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Inspired by a recent comment from reader Rita C., who noted that Irish has “so many choices for Irish grandmother names,” I thought this would be a good time to review some of the terms. This blogpost will deal with grandmothers, and we’ll probably have a companion piece for the grandfathers. Go raibh maith agat as scríobh isteach, a Rita!
To me, one of the most interesting things about the “grandmother” and “grandfather” terms is that they are completely different from the Irish words for “grandchild,” “granddaughter,” and “grandson.” There is no “grand-” element that’s held in common among all these words. For “grandmother” in the somewhat formal sense, there are three choices that we can add to “máthair” (mother) to create “grandmother”: sean– (as a prefix), mór, and críonna. Then there are two additional choices which are more familiar and more likely to be used by children: mamó and móraí. Neither of these two words is literally “grand-” anything.
So how do all of these words work in actual speech? Here we’ll look at the actual combinations and then at the words in direct address, if you’re actually talking to “grandmother” or “grandma.”
1) seanmháthair, grandmother, lit. old mother
“A Sheanmháthair!” in direct address
2) máthair chríonna, grandmother, lit. wise mother
“A Mháthair chríonna!” in direct address
3) máthair mhór, grandmother, lit. great or large mother. “Mór” can also be translated as “grand,” but it’s not “grand” as in the typical sense of “fine” or “elegant.” Those would be “breá” (fine) or “galánta” (elegant, stylish, genteel)
“A Mháthair mhór!” in direct address
The remaining two terms are more like saying “grandma,” or “granny,” or “nan,” or “nana.”
4) mamó [say: mahm-OH], based on “mam” (mom, mum, mother), a parallel term to “daideo” for “granddad.”
“A Mhamó!” [uh wahm-OH] in direct address
This is the term used in the charming children’s book, Bran agus a Mhamó, the Irish translation of Spot Loves his Grandma, by Eric Hill. “Bran” is a classic dog’s name in Irish and so replaces “Spot” for the puppy.
Another spelling for is word is “Maimeo,” with “A Mhaimeo” for direct address.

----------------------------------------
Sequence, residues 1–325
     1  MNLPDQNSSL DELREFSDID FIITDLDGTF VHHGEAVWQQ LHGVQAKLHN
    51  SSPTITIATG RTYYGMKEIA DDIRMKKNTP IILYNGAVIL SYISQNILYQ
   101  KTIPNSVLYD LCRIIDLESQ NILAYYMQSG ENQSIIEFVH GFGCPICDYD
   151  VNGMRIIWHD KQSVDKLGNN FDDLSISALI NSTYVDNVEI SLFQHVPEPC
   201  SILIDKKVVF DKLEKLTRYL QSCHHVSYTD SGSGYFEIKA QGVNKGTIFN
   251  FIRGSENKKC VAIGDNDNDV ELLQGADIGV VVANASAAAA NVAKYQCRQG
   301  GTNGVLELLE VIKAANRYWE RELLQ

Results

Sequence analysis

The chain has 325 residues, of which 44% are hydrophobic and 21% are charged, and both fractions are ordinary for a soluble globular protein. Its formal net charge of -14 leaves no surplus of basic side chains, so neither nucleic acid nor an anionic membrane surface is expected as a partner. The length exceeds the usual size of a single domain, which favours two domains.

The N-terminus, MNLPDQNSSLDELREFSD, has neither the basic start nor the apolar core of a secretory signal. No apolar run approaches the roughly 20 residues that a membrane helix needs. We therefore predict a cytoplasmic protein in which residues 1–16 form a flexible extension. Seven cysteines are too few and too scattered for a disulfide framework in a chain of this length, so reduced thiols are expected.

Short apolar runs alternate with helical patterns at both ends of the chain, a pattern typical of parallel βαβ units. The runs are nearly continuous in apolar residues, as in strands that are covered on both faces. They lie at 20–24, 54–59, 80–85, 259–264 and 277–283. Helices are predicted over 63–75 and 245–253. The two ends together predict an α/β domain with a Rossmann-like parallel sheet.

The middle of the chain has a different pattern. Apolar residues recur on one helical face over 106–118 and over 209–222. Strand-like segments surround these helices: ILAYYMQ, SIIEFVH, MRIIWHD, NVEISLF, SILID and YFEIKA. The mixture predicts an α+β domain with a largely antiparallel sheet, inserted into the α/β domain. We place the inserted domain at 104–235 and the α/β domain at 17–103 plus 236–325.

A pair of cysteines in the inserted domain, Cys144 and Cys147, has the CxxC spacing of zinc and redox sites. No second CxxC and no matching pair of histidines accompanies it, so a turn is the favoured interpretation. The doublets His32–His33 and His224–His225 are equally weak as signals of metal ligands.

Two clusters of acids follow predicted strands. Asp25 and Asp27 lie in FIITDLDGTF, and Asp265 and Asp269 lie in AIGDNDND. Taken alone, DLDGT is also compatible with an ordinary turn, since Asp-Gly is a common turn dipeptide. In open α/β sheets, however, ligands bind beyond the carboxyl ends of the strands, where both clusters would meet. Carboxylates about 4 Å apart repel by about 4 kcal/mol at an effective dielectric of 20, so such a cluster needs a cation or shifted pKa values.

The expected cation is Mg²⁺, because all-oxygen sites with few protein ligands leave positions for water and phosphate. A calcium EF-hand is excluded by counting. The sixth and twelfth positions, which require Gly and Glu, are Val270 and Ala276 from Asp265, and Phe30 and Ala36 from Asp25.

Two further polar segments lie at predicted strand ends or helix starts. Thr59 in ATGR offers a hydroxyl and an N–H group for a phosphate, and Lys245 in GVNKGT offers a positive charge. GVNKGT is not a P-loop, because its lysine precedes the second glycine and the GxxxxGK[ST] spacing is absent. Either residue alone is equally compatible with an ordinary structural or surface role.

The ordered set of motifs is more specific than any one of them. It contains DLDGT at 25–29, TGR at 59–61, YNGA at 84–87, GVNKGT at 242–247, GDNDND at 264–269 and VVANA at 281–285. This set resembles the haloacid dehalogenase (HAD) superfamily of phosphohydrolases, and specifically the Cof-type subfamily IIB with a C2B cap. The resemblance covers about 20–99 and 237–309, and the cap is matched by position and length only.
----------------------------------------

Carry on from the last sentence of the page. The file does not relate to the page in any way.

5) móraí [say: MORR-ee, with the “R” flapped (lightly trilled) as we also find in “Nóra” or “clocha móra.”
“A Mhóraí!” [uh WOR-ee] in direct address
If children are being raised Irish-speaking, the direct address forms would be natural. If the children are being raised English-speaking, words like “Mamó” and “Móraí” could be treated as names, and not have the “M” to “Mh” change. So we might hear:
“Seo bronntanas duit, a Mhamó!”
or its English equivalent:
“Here’s a present for you, Mamó!”
And similarly, for “Móraí”
“Nollaig shona, a Mhóraí!”
and its English equivalent:
“Merry Christmas, Móraí!” or “Happy Christmas, Móraí”
And getting back to “grandchild,” “granddaughter,” and “grandson,” the key word is “gar,” which means “near.” It also means “approximate,” although that sounds rather technical for talking about children.
Hope this was useful. Over the years, I’ve gotten lots of requests for how to say “grandmother” or “grandma” in Irish, often for Irish-American families in the United States. This is especially true when one grandmother has already appropriated “Grandma,” as such. The parents want a word which reflects their Irish heritage and yet is fairly easy to say. SGF — Róislín
PS: To read about the fate of one of folklore’s most famous grandmothers, you might like to try “Clóicín Dearg” [Little Red Riding-hood] (Cincinnati: Another Language Press, 2001, ISBN 0922852553, which typically retails for about $2.99.